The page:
“From 2012 to 2013 Rhode Island Artist, Nora Rabins, with help from a grant from Rhode Island State Council on the Arts, researched and created colorful sails that would eventually be hoisted onto the 17th century Sherman Windmill at Newport Restoration Foundation’s Prescott Farm in Portsmouth Rhode Island. On May 19th 2013 with the public’s help, the beautifully painted sails were put in place onto the windmill which gave the mill the ability to run on wind power and grind corn for the first time since 1987.”
-History in Color Exhibit 2014
Nora Rabins was at the Meeting House in Tiverton Four Corners this past weekend for the opening of an exhibit showcasing the once aerial sails she conceptualized over year ago. The vibrant and graphic color blocks visually inspired by the Sherman Windmill represent, not only a dedicated artistic pursuit, but a an even longer history of a close relationship between man and machine.
The story of how the project came to be is a combination of serendipity, music, trial, error, hard work, and enthusiastic community support.
A background in furniture design and a M.F.A from RISD propelled this young artist into a world of big ideas, structures, materials, and space; some just as fantastical as the windmills she would soon adopt. “You have a vision that confronts reality. I knew this project was about not giving up,” she says.
Nora responded to an ad by the Newport Restoration Foundation looking for someone to make a sign for an upcoming exhibit. Being a “maker,” Nora, along with the help of a colleague, jumped into the project with eager eyes and able hands. That’s when she discovered the NRF’s windmill. “It was already its own thing. It had history. It was beautiful.” One thing led to another and pretty soon Nora had secured a residency with the NRF and had rigged up a loom inside the windmill that played music by stepping on the petals. No small feat.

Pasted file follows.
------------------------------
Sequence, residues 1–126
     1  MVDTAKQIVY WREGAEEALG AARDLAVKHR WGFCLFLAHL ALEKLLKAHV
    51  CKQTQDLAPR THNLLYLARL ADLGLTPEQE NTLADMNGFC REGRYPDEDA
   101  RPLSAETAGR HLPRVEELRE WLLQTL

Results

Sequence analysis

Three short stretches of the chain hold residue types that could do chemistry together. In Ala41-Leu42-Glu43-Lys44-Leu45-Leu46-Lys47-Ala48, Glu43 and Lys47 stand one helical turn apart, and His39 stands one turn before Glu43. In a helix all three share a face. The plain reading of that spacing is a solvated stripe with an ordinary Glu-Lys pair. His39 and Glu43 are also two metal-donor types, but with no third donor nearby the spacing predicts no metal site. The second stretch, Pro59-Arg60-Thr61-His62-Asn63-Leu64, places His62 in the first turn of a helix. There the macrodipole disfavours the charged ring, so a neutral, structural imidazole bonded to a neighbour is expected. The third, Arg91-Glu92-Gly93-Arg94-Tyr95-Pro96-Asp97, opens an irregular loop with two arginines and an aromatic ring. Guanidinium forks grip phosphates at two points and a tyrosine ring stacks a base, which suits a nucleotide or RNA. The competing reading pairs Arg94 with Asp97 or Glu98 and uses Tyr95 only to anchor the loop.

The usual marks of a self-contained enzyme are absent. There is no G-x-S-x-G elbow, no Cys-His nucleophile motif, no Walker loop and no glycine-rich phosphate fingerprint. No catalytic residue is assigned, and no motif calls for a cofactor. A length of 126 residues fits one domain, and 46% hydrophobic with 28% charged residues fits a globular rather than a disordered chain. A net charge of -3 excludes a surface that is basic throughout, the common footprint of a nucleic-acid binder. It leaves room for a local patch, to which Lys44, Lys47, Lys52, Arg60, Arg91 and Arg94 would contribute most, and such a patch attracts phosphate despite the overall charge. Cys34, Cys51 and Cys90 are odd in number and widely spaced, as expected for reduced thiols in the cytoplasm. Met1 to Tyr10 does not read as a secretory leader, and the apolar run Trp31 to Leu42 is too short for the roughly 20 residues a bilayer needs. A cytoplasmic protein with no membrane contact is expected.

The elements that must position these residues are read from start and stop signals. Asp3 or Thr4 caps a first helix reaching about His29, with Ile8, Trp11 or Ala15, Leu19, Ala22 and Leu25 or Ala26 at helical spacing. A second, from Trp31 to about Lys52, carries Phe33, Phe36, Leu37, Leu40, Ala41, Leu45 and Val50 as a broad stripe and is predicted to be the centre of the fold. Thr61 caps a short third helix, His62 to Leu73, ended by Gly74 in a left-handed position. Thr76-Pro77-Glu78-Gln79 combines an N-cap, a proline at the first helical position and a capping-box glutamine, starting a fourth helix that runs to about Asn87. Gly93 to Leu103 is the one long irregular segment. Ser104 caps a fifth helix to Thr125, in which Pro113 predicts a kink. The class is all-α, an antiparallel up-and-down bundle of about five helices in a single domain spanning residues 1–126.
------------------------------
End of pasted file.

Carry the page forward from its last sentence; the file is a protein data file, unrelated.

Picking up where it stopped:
Weaving song and history together soon gave rise to a new idea: Nora wanted to reenact the past in the present; she wanted to make this windmill turn. And so began Nora’s yearlong love affair with windmills. Her research went deep into their history and opened a world of colorful revelations about people past and present. “I fell in love with the ‘other’ Rhode Island,” she said referring to the more southern, “self-sustaining” cultures like Newport and Portsmouth.
Even more remarkable for Nora was the idea that windmills were a real means of communication. Wars, celebrations, messages, were all communicated through the turning of the mill. The disparity between modern technologies and the windmills was eye-opening, sobering, and enough to make Nora get out her paints.
Using airbrush paint, giant stencils, and sail cloth, Nora mimicked a windmill in the stencil design with the hopes they would bring to life the windmill that had been dormant since 1987. “We imagine the past was in black and white, but it was equally colorful as it is now,” she said of her choice to use bright yellows and blues for the design. “I wanted it to be modern. I didn’t want to just tell my story, it’s about real life.”
Nora overcame small bumps in the design process propelling her own artistic vision to one of maturity and perseverance, and an extra dose of artistic integrity. The windmill project received a lot of press and Nora did not shy away from the limelight, even through her most challenging days. “I wanted people to see the process. This is a problem to solve.”
Out of this display of history and dedication came a blossoming of connection and community support that Nora never saw coming, but nonetheless impacted her profoundly. Making friends was just the start; she now has invitations to build sails for real sail boats, and perhaps do an encore of the beautifully surreal windmill exhibit at Prescott Hall.
“Windmills were a gathering place. They brought people together,” she says. It is only fitting that the sails should now make their appearance in Tiverton’s The Meeting House. The cloth sails are hung magnificently inside the aptly named meeting place for an exhibit that Nora hopes will continue to unite people, communities, history, and time. “
We invite you to come gather for two more inspiring events featuring the work of Nora Rabins:
Wednesday March 5th 3 documentary short films reveal the process of Nora’s work; she will be present to answer questions.
Sunday March 9th celebrate the closing of the exhibit with a demonstration by Nora.